Mary Poppins in a cowboy hat, essentially. Alan Ladd plays a mysterious stranger who helps homesteaders in their struggle against greedy cattlemen. The definitive ride-into-the-sunset hero.
Impish do-gooder Audrey Tautou tiptoes around Paris, performing random acts of charity that transform her friends and family for the better. About as deep as a bumper sticker, but infinitely more addictive.
15. ‘Raiders of the Lost Ark'
If you were a boy in the early '80s, you wanted to be Indiana Jones when you grew up. Even today, I see no higher calling than fighting Nazis and snapping bullwhips.
16. ‘The Color Purple'
"All my life I've had to fight," Oprah Winfrey wails in Steven Spielberg's triumphant tale of race and hardship, and the next thing you know, she's Queen of the Universe. An object lesson for us all.
For an infectiously upbeat supernatural romp, who ya gonna call? Good, rambunctious, Stay-Puft-splattering hilarity. Arguably Dan Ackroyd's last funny role.
18. ‘Cinema Paradiso'
Giuseppe Tornatore's nostalgic ode to the magic of cinema will pluck the heartstrings of any movie lover. Like taking a warm, subtitled bath.
19. ‘Beauty and the Beast'
By now, the Oscar-winning title song is as cozy and familiar as an old blanket, so no wonder audiences still wrap themselves in it from time to time. Die-hard fans can't seem to get enough of Disney's musical blockbuster, as witnessed by the ice shows, stage shows, et al.
20. ‘Annie Hall'
Where romance is concerned, the means justify the end, even if in the end you get dumped. Woody Allen wraps that hard-yet-comforting truth in a script so lavishly witty, you could watch the movie a dozen times and still pick up something new. For a brief, flaring instant, Diane Keaton was America's girl next door.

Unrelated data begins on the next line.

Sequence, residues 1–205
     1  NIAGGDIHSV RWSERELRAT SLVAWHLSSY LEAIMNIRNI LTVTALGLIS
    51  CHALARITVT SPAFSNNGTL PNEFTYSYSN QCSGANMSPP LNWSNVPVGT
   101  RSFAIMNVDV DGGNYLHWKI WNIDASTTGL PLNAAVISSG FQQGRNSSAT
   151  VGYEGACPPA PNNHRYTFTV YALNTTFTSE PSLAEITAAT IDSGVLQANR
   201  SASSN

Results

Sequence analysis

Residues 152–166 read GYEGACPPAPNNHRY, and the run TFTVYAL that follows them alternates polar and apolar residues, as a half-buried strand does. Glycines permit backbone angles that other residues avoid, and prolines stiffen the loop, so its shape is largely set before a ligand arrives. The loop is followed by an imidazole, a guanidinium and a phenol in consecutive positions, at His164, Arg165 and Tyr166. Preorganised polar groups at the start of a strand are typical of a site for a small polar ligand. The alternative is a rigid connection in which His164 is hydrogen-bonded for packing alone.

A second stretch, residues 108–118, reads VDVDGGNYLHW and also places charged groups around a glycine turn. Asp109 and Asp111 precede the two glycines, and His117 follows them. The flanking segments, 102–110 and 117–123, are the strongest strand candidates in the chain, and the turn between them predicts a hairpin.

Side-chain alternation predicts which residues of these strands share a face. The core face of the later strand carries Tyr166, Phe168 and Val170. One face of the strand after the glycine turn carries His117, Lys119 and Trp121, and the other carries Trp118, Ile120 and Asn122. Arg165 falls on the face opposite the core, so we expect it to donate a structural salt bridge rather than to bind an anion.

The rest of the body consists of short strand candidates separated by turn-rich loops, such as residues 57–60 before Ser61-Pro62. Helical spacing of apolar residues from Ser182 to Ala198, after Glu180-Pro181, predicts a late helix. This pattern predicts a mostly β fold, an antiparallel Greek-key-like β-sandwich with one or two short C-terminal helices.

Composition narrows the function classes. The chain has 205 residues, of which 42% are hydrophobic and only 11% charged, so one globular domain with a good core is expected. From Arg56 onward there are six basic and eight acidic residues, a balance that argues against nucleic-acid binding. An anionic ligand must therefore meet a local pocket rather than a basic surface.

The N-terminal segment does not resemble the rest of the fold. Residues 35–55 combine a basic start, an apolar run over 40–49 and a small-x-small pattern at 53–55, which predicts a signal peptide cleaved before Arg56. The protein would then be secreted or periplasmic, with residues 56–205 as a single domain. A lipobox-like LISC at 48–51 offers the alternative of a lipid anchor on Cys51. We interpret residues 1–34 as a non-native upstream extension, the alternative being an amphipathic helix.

Tom Hanks and the actor he's most often compared to, Jimmy Stewart, are the modern giants of comfort cinema: Good-humored, avuncular, dependable in every respect. Reaching back some, we find the stars of the Golden Era: Charlie Chaplin ("The Kid") and Buster Keaton ("The Navigator").
For a goodly stretch of the '80s and '90s, Meg Ryan ("Sleepless in Seattle") was an actress who had a knack for disarming audiences; you might say the same about Julia Roberts ("Pretty Woman"). Gwyneth Paltrow has an accessible, sisterly quality ("Shakespeare in Love"). Among actresses all-time, Katharine Hepburn ("On Golden Pond") stands alone.
Surprisingly, the '80s. With groping audience-pleasers such as "Rain Man," "Driving Miss Daisy," "Terms of Endearment," "The Princess Bride" and "Moonstruck," it was a veritable windfall of aromatic comfort.
'The Green Berets' (1968): Not all comfort movies are about hugging and drinking lattes. One of the few pro-military movies to emerge from the Vietnam era, this John Wayne vehicle speaks to a bygone hero morality: Might is right.
'Fight Club' (1999): Senseless violence as a means to escape the futility of a dead-end, IKEA-decorated life. Sounds reasonable. One of the movies you either love or hate.
'The Big Lebowski' (1998): The Coen brothers' tale of one dude's search for his missing rug — with much bowling and White Russian drinking in between — has emerged as their funniest and most adored movie.
'The Seventh Seal' (1956): Too nebulous for mainstream American audiences, this Ingmar Bergman-directed masterpiece is like mother's milk for arty look-into-the-void types.
'Fever Pitch' (2005): The Sox win the Series, and Jimmy Fallon gets the girl. Sniff. A cri de coeur for no-life sports fans.
'My Big Fat Greek Wedding' (2002): A husky Canadian girl beats her weight problem (sort of) and lands the ultimate fish: "Sex and the City" hunk John Corbett, who smilingly obliges every obnoxious ethnic stereotype that screenwriter/star Nia Vardalos throws at him.
'Barbershop' (2002): In a well-trafficked grooming outpost on Chicago's South Side, Ice Cube and company speak the truth, Ruth. Cinema as cultural refuge.